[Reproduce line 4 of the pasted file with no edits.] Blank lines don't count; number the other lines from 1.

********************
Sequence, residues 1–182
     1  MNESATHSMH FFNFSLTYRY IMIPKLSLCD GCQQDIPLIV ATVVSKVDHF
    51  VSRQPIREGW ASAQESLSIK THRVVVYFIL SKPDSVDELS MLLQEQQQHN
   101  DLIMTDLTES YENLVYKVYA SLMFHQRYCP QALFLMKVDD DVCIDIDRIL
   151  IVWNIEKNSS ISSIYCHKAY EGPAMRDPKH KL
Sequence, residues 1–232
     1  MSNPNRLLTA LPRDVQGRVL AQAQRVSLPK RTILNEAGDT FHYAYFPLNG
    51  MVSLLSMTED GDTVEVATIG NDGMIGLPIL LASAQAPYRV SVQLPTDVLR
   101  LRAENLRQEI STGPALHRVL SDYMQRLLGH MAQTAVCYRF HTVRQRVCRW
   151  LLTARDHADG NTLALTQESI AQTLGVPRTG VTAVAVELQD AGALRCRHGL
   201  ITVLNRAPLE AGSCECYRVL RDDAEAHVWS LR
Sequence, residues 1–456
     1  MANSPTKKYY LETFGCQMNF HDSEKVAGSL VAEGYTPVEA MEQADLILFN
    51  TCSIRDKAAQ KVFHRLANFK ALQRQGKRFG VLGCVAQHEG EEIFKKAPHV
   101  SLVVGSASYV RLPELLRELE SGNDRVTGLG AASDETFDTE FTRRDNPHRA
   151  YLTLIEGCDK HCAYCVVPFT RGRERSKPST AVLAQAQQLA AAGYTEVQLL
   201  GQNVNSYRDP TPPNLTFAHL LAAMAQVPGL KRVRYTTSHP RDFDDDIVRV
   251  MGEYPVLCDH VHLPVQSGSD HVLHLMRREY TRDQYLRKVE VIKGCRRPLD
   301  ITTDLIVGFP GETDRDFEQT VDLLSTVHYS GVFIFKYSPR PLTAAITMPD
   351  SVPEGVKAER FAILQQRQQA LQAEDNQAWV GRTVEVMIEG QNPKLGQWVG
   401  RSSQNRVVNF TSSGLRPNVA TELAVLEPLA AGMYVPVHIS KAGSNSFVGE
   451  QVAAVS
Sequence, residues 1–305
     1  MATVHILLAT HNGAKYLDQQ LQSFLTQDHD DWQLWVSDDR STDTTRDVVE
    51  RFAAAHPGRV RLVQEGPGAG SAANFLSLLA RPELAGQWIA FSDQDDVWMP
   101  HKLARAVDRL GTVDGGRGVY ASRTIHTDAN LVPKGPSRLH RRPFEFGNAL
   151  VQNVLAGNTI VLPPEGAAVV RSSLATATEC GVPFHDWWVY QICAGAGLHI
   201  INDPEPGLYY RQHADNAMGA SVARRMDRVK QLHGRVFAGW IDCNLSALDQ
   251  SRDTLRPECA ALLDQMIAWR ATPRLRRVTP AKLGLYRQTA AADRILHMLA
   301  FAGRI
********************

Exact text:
   101  DLIMTDLTES YENLVYKVYA SLMFHQRYCP QALFLMKVDD DVCIDIDRIL